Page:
Coalition calling for ethics reform pledge from legislators

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A coalition launched a campaign today calling for open, honest, ethical and transparent government, and they're asking candidates to sign a pledge for legislative ethics reform.

Ethics reform is a perennial issue on Capitol Hill, and for years it has faced tough sledding. But a coalition of groups says the influence of money on politics is getting worse, and it believes the issue may be reaching a tipping point with the public.

Coalition calling for ethics reform pledge from legislators

The issue centers on gifts, like Jazz tickets from lobbyists to lawmakers, or the personal use of campaign funds for car repairs, clothes, babysitting, wedding gifts, even direct cash payment to themselves. Currently, that's all legal, but a coalition of groups, including Utahns for Public Schools, the PTA, UEA and League of Women Voters, is calling for change.

Bonnie Palmer, with Utahns for Public Schools, said, "We hear from the citizens out there that want changes at the Legislature, and they feel that they're not in power to make those changes because of the influence of the special interests that are up here lobbying and giving gifts and having that influence and access that other common folks don't have."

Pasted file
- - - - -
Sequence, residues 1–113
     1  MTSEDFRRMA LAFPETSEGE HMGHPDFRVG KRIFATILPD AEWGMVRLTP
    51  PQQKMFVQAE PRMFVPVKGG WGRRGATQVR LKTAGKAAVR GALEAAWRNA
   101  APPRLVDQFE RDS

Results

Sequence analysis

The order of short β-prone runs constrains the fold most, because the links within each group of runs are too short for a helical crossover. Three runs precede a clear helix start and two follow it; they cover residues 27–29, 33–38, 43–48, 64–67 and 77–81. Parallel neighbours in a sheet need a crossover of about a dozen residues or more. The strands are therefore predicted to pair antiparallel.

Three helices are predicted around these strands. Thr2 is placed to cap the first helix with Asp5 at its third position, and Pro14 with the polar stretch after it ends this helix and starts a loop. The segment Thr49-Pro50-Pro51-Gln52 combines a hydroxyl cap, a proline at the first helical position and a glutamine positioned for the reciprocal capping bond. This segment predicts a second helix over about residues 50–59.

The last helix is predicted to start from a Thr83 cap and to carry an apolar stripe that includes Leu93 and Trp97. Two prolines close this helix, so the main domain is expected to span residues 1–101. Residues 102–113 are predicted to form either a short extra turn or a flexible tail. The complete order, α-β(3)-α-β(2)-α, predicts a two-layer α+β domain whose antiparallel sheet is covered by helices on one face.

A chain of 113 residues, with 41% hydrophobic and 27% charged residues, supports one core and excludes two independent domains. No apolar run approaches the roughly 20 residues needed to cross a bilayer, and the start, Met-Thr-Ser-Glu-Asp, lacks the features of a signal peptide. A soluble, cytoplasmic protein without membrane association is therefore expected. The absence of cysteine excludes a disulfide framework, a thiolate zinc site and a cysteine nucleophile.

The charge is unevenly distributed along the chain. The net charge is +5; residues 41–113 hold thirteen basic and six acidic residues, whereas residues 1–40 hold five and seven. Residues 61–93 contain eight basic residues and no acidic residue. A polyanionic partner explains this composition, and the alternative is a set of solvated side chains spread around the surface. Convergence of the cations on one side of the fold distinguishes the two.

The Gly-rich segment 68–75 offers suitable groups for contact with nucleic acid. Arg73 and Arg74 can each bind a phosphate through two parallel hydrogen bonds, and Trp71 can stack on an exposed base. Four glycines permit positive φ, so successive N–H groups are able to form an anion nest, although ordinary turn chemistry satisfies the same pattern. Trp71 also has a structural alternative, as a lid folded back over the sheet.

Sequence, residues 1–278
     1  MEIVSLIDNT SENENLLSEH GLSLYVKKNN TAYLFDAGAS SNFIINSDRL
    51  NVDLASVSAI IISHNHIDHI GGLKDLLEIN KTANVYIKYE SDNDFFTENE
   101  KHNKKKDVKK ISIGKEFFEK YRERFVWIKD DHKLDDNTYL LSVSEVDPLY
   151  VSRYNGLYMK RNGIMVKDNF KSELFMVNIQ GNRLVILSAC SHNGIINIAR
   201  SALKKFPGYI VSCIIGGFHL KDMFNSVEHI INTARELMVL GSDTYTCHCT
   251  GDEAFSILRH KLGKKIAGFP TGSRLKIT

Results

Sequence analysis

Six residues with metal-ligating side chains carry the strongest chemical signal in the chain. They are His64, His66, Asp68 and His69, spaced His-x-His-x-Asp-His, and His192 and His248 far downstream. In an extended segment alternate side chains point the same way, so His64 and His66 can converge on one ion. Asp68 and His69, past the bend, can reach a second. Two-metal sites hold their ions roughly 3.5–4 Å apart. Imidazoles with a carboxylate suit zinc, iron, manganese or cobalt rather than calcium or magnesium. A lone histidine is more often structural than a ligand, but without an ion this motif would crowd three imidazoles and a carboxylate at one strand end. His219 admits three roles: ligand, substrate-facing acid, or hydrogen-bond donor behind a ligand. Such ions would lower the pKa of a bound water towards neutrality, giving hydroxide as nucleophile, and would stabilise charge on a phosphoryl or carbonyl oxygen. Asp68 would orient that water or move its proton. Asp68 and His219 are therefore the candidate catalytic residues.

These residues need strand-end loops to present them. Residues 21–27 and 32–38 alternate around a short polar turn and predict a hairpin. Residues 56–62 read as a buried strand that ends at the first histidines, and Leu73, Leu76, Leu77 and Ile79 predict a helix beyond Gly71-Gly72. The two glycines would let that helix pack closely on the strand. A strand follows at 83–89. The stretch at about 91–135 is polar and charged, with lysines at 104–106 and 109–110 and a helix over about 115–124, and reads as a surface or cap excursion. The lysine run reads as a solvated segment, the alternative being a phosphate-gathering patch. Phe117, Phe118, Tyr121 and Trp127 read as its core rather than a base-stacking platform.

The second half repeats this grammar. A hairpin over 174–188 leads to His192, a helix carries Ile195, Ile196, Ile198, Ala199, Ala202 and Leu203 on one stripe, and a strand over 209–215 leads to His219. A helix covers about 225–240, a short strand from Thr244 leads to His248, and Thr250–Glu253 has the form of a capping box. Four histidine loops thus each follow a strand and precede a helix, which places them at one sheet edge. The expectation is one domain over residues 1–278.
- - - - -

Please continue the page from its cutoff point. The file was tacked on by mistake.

A bipartisan group of lawmakers is signing a pledge, vowing to support full disclosure of all gifts and meals by both a lawmaker and a lobbyist.

Sen. Pat Jones, D-Salt Lake City, said, "We have to set rules, and we have to set reasonable rules. These are reasonable rules."

Rep. Steve Mascaro, R-West Jordan, said, "If that legislator is required to report anything that he receives and the dollar amount, he's going to think about whether or not he's going to accept that gift."

Sen. Scott McCoy, D-Salt Lake City, said, "I think we have a real problem, and it's a perception problem. I think the public has become very cynical. I think they have a perception that all of us are in the pocket of lobbyists."

Coalition calling for ethics reform pledge from legislators

It would also ban personal use of campaign funds and require unspent campaign money go to charity, a political party or the School Trust Land Fund, and require accurate reports.

Rep. Sheryl Allen, R-Bountiful, said, "Our laws in this state are pretty strict on timely reports, but they're not so strict on accuracy."

Rep. Phil Riesen, D-Salt Lake City, said, "I think the public should take note of those who will not sign it. And that's a pretty good indication of how those who do not sign it feel about ethics reform in the legislature."

So far no one in Republican leadership in either House has signed the pledge.


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John Daley


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